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Incidental findings on brain imaging and blood tests: results from the first phase of Insight 46, a prospective observational substudy of the 1946 British birth cohort
  1. Sarah E Keuss1,
  2. Thomas D Parker1,
  3. Christopher A Lane1,
  4. Chandrashekar Hoskote2,
  5. Sachit Shah2,
  6. David M Cash1,
  7. Ashvini Keshavan1,
  8. Sarah M Buchanan1,
  9. Heidi Murray-Smith1,
  10. Andrew Wong3,
  11. Sarah-Naomi James3,
  12. Kirsty Lu1,
  13. Jessica Collins1,
  14. Daniel G Beasley4,
  15. Ian B Malone1,
  16. David L Thomas5,6,
  17. Anna Barnes7,
  18. Marcus Richards3,
  19. Nick Fox1,
  20. Jonathan M Schott1
  1. 1 Dementia Research Centre, UCL Queen Square Institute of Neurology, London, UK
  2. 2 Lysholm Department of Neuroradiology, The National Hospital for Neurology and Neurosurgery, London, UK
  3. 3 MRC Unit for Lifelong Health and Ageing, University College London, London, UK
  4. 4 School of Biomedical Engineering and Imaging Sciences, King’s College London, London, UK
  5. 5 Leonard Wolfson Experimental Neurology Centre, UCL Queen Square Institute of Neurology, London, UK
  6. 6 Department of Brain Repair and Neurorehabilitation, UCL Queen Square Institute of Neurology, London, UK
  7. 7 Institute of Nuclear Medicine, University College London Hospitals, London, UK
  1. Correspondence to Professor Jonathan M Schott; j.schott{at}ucl.ac.uk

Abstract

Objective To summarise the incidental findings detected on brain imaging and blood tests during the first wave of data collection for the Insight 46 study.

Design Prospective observational sub-study of a birth cohort.

Setting Single-day assessment at a research centre in London, UK.

Participants 502 individuals were recruited from the MRC National Survey of Health and Development (NSHD), the 1946 British birth cohort, based on pre-specified eligibility criteria; mean age was 70.7 (SD: 0.7) and 49% were female.

Outcome measures Data regarding the number and types of incidental findings were summarised as counts and percentages, and 95% confidence intervals were calculated.

Results 93.8% of participants completed a brain scan (n=471); 4.5% of scanned participants had a pre-defined reportable abnormality on brain MRI (n=21); suspected vascular malformations and suspected intracranial mass lesions were present in 1.9% (n=9) and 1.5% (n=7) respectively; suspected cerebral aneurysms were the single most common vascular abnormality, affecting 1.1% of participants (n=5), and suspected meningiomas were the most common intracranial lesion, affecting 0.6% of participants (n=3); 34.6% of participants had at least one abnormality on clinical blood tests (n=169), but few reached the prespecified threshold for urgent action (n=11).

Conclusions In older adults, aged 69-71 years, potentially serious brain MRI findings were detected in around 5% of participants, and clinical blood test abnormalities were present in around one third of participants. Knowledge of the expected prevalence of incidental findings in the general population at this age is useful in both research and clinical settings.

  • epidemiology
  • internal medicine
  • medical ethics
  • neurology

This is an open access article distributed in accordance with the Creative Commons Attribution 4.0 Unported (CC BY 4.0) license, which permits others to copy, redistribute, remix, transform and build upon this work for any purpose, provided the original work is properly cited, a link to the licence is given, and indication of whether changes were made. See: https://creativecommons.org/licenses/by/4.0/.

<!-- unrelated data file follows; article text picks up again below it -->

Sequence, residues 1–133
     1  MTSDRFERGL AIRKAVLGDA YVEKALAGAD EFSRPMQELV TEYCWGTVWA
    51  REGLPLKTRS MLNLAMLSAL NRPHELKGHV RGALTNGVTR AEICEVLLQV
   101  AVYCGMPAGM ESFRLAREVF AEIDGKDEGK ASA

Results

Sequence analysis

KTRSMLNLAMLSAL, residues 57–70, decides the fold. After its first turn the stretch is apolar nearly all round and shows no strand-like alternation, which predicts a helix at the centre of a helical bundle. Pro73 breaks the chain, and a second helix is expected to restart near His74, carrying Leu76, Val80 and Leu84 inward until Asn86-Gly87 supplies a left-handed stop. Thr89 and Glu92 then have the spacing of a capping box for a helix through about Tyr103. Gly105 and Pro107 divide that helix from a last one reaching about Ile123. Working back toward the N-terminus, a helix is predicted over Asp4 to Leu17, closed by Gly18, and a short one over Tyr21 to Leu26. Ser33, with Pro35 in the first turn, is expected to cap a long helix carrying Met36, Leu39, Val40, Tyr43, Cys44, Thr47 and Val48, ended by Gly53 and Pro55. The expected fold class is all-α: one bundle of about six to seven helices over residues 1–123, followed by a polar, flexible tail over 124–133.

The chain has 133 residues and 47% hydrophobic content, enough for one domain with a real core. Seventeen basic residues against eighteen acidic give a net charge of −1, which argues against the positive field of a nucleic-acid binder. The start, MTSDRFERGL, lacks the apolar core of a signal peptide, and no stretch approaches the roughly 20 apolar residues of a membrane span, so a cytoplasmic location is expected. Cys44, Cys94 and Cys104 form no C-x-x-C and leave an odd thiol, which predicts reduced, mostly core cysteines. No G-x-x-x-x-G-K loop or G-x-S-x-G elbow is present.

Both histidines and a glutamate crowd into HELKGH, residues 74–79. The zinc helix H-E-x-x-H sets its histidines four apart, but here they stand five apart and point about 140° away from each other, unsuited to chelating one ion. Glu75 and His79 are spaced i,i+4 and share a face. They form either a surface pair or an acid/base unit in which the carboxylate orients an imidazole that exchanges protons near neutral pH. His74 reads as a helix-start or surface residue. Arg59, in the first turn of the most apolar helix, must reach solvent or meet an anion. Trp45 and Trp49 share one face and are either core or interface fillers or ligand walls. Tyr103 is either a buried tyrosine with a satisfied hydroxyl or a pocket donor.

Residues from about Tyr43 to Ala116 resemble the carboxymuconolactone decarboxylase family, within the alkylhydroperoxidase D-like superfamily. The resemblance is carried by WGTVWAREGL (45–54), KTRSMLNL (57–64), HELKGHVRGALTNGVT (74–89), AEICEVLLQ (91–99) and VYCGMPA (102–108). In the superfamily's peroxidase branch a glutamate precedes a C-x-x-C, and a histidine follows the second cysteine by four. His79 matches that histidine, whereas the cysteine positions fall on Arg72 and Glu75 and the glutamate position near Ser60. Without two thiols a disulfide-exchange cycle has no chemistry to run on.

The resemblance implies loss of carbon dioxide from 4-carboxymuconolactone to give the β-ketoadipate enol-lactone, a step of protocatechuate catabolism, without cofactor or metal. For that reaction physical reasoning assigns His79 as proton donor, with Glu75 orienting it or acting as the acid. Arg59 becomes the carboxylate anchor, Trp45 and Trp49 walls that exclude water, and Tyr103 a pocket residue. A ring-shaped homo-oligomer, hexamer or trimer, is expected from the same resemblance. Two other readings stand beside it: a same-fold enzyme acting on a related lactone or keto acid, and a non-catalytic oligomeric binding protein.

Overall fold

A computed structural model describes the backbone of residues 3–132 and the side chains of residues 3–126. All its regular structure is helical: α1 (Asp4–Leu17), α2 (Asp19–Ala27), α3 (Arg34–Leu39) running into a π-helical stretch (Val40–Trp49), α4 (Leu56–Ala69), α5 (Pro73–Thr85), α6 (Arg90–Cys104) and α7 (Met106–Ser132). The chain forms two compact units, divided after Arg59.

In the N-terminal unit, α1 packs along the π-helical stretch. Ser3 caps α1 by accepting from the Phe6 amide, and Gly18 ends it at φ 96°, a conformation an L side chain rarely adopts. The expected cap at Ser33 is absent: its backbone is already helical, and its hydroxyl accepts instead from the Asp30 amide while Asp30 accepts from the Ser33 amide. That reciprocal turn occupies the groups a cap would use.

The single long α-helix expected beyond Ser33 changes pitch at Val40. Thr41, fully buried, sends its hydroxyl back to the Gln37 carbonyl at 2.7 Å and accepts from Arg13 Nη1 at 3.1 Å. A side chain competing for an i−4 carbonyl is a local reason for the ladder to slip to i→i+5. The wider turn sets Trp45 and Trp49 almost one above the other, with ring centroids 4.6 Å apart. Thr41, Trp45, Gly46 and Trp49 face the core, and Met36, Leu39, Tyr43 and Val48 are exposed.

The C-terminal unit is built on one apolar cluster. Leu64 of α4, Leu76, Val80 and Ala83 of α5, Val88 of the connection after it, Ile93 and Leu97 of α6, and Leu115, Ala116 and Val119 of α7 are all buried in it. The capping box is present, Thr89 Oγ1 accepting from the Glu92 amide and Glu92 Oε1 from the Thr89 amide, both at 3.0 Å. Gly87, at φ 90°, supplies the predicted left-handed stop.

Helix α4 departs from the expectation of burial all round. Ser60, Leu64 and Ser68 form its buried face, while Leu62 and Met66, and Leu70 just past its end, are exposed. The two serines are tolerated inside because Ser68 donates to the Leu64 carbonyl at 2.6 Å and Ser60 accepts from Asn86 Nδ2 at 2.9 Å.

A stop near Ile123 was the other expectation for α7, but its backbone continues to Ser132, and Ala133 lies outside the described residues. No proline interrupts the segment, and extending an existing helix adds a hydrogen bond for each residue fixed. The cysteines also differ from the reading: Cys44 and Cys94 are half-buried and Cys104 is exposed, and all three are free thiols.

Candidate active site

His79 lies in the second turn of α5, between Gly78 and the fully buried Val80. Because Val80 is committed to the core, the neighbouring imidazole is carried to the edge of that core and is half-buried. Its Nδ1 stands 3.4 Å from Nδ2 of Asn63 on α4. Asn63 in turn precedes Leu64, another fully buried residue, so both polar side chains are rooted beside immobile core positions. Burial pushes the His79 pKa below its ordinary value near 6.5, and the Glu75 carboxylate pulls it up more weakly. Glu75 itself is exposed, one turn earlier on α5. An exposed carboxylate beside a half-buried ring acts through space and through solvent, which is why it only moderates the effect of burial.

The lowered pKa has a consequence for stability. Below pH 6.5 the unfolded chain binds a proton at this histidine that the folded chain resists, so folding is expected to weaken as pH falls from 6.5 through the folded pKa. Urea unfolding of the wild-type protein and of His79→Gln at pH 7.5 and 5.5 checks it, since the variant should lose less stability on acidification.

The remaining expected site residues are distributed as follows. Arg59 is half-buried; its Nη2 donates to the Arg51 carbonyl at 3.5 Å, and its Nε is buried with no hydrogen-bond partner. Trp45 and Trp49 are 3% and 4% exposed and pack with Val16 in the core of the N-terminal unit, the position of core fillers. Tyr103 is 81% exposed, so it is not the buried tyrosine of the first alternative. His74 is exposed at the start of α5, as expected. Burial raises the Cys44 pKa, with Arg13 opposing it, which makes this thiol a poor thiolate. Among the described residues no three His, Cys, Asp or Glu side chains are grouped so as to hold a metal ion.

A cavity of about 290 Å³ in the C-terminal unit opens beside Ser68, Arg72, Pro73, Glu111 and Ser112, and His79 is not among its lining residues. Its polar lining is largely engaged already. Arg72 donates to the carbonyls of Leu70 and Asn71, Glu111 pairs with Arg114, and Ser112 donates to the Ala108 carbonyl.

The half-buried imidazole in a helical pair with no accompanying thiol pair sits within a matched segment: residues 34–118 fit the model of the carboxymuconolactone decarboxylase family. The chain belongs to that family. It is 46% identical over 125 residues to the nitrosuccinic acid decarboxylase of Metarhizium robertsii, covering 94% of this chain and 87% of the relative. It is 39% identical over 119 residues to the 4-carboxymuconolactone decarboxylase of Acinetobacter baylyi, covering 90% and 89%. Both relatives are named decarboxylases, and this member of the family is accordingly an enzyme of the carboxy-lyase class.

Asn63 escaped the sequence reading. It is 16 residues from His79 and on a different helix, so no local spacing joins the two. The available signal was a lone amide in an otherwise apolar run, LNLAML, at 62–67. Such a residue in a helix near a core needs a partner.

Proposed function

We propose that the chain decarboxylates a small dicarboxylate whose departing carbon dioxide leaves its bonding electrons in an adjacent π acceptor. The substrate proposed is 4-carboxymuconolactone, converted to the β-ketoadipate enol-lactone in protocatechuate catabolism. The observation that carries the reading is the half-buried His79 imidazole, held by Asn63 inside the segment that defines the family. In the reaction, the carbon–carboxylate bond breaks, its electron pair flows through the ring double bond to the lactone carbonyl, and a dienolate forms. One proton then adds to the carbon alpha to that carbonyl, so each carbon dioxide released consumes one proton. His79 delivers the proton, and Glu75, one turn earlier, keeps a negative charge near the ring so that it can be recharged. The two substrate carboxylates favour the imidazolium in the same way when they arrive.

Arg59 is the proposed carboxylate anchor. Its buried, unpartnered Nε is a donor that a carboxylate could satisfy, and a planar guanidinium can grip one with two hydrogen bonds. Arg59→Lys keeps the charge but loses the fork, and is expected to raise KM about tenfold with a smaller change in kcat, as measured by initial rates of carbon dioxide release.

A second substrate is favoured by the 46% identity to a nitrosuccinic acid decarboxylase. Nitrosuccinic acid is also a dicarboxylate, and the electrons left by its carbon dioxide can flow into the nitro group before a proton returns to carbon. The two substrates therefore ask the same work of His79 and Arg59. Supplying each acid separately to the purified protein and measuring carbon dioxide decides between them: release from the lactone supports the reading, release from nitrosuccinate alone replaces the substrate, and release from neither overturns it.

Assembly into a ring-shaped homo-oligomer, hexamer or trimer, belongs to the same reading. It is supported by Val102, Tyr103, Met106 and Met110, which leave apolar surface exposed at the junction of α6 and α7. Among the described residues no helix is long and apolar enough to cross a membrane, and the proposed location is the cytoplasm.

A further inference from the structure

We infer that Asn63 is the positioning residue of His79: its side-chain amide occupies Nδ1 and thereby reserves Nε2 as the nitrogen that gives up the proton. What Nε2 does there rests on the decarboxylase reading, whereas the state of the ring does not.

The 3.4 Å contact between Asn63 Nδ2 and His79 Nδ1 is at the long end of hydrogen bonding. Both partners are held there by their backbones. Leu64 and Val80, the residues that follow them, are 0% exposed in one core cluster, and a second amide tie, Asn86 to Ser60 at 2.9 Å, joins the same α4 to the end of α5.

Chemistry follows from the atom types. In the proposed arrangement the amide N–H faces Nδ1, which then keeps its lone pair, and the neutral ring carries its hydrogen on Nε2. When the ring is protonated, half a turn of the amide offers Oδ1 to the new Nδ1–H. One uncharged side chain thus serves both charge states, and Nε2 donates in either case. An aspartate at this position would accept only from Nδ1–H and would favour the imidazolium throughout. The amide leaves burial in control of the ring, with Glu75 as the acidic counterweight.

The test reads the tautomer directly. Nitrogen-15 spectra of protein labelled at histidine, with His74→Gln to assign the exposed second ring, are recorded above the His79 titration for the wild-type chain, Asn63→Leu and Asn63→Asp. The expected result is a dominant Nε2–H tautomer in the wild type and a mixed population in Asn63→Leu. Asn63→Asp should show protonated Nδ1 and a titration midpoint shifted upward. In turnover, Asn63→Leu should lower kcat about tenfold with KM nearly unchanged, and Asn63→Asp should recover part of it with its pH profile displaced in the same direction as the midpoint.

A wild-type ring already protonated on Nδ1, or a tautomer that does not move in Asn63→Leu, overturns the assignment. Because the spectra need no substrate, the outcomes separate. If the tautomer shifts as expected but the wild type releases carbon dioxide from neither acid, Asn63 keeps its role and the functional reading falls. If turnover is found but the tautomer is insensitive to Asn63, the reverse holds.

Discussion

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Footnotes

  • Contributors SEK and JMS conceived the manuscript. TDP, CAL, AK, SEK, SMB, HM-S and AW recruited participants to the study. CH and SS reviewed and reported the MRI brain scans. TDP, CAL, AK, SEK, SMB, S-NJ, KL and JC contributed to data collection. DMC, IBM, DLT and AB were responsible for setting up the imaging acquisition protocols, image processing and quality control. DGB was involved in data management. SEK analysed the data and drafted the initial manuscript. JMS, NF and MR are co-principal investigators of the study. All authors critically revised the manuscript and approved the submitted version.

  • Funding Insight 46 is funded by grants from Alzheimer’s Research UK (ARUK-PG2014–1946, ARUK-PG2017-1946; PIs JMS, NF and MR), the Medical Research Council Dementias Platform UK (CSUB19166; PIs JMS, NF and MR), The Wolfson Foundation (PR/ylr/18575; PIs NF and JMS), the Medical Research Council (MC_UU_12019/1, PI Kuh; MC_UU_12019/3, PI MR), the Wellcome Trust (Clinical Research Fellowship 200,109/Z/15/Z; TDP) and Brain Research Trust (UCC14191; PI JMS).

  • Competing interests NF’s research group has received payment for consultancy or for conducting studies from Avid Radiopharmaceuticals, Biogen, Eisai, Elan, Eli Lilly Research Laboratories, GE Healthcare, IXICO, Janssen, Johnson & Johnson, Lundbeck, Pfizer, Roche, Sanofi-Aventis and Wyeth Pharmaceuticals. NF receives no personal compensation for the activities mentioned above. JMS has received research funding from Avid Radiopharmaceuticals (a wholly owned subsidiary of Eli Lilly), has consulted for Roche Pharmaceuticals, Biogen and Eli Lilly, has given educational lectures sponsored by GE, Eli Lilly and Biogen, and serves on a Data Safety Monitoring Committee for Axon Neuroscience SE.

  • Ethics approval Ethical approval was granted by the National Research Ethics Service (NRES) Committee London (REC reference 14/LO/1173; PI JMS).

  • Provenance and peer review Not commissioned; externally peer reviewed.

  • Data sharing statement Data are available upon reasonable request.

  • Patient consent for publication Not required.

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